Breastfeeding and Mommy Sleep

Much has been said about breast feeding and the effect it can have on baby’s sleep patterns. However, until recently, very little has been said about the effects of breast feeding on the mother’s sleep.

Of course, it almost goes without saying that breastfeeding mothers have to wake up when the baby wakes up to nurse. It is also fairly well known that breast fed babies tend to wake up more frequently than formula fed babies, as a result of a mother’s breast milk digesting more quickly. These facts have led many women to forego breast feeding, in large part out of fear regarding the effect it could have on their ability to get a good night’s rest.

We would never insinuate that sleep is unimportant for a new mother. The fact is that parenting a newborn is a lot of work. Even if a woman doesn’t have other concerns (family, career, home, etc.), taking care of a newborn baby requires that she get as much rest as possible. And if she does work outside of the home, it becomes even more of a challenge or her to get the rest she needs. In a way, it’s understandable why many women would choose to bottle feed.

However, recent studies have shown that women who breastfeed their babies get just as much quality rest as those who bottle feed their babies. These studies, while somewhat limited in scope, would seem to indicate that mothers who breastfeed may need to wake up more often to take care of the baby, but they generally don’t need to stay awake as long.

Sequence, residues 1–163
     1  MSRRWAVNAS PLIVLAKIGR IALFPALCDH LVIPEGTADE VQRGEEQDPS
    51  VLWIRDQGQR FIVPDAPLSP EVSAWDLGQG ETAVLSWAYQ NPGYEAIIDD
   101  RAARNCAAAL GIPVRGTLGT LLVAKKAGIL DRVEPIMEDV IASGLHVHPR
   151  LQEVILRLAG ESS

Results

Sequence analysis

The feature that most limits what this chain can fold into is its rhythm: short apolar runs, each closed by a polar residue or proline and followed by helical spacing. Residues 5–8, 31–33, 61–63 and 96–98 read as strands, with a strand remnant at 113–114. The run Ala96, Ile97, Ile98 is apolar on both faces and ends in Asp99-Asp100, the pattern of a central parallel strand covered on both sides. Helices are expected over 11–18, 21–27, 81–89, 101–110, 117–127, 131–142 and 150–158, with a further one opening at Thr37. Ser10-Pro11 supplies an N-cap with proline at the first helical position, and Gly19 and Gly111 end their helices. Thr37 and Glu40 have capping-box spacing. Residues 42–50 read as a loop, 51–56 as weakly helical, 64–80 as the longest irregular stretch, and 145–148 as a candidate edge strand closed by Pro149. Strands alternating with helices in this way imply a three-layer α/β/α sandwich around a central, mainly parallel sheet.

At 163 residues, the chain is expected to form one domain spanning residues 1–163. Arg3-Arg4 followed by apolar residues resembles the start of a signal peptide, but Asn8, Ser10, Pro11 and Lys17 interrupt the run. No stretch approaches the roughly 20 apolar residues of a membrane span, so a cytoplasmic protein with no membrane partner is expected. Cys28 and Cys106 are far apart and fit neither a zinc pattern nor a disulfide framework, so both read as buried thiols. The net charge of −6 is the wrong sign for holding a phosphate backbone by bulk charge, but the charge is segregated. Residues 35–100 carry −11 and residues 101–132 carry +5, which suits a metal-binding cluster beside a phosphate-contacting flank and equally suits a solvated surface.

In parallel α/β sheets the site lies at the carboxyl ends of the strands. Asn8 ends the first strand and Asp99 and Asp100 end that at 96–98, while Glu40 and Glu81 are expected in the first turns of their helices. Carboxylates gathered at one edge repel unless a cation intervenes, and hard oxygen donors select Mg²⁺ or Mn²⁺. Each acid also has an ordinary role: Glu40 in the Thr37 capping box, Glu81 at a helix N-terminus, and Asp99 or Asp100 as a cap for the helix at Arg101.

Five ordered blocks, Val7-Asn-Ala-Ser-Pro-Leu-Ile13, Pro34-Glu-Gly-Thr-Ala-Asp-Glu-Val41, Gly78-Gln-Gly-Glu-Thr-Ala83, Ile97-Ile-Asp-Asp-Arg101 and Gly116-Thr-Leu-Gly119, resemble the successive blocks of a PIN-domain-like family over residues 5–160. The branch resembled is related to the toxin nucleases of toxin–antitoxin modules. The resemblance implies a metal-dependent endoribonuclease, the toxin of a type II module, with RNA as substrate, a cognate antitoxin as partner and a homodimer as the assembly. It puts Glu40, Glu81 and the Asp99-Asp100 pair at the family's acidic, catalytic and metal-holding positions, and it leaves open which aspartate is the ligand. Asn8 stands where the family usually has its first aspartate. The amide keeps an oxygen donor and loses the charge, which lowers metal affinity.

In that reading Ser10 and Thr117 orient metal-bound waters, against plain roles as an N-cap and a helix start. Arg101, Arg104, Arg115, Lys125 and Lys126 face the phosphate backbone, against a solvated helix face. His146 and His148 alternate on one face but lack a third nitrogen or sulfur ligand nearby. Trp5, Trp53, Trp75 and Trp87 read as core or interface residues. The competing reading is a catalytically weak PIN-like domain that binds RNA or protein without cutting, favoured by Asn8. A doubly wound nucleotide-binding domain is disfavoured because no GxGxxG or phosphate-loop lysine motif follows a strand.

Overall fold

There are several factors which contribute to this. One of them which is often overlooked is the fact that breastfeeding is more convenient than bottle feeding. There is no looking through cupboards and dishwashers for clean bottles, nipples, and formula. Everything you need to feed the baby is conveniently located right on your person. You also don’t need to worry about cleaning up as much as you do when bottle feeding.

Babies will often fall back asleep on the bottle or the breast, and there is no definitive study (to our knowledge) which shows babies having more or less tendency to fall asleep at one or the other. In general, though, the less time you need to spend preparing to feed baby, the less time she will be fussy. And the less time she spends being fussy, the more likely she is to settle quickly back to sleep once her tummy is full.

When you add it all up, breastfeeding mothers tend to wake up more often, but the disturbances in their sleep tend to be shorter. In the end, it’s a wash. And since breast feeding mothers get just as much rest as formula feeding mothers, it simply makes sense to make the choice based on what’s healthiest for your baby.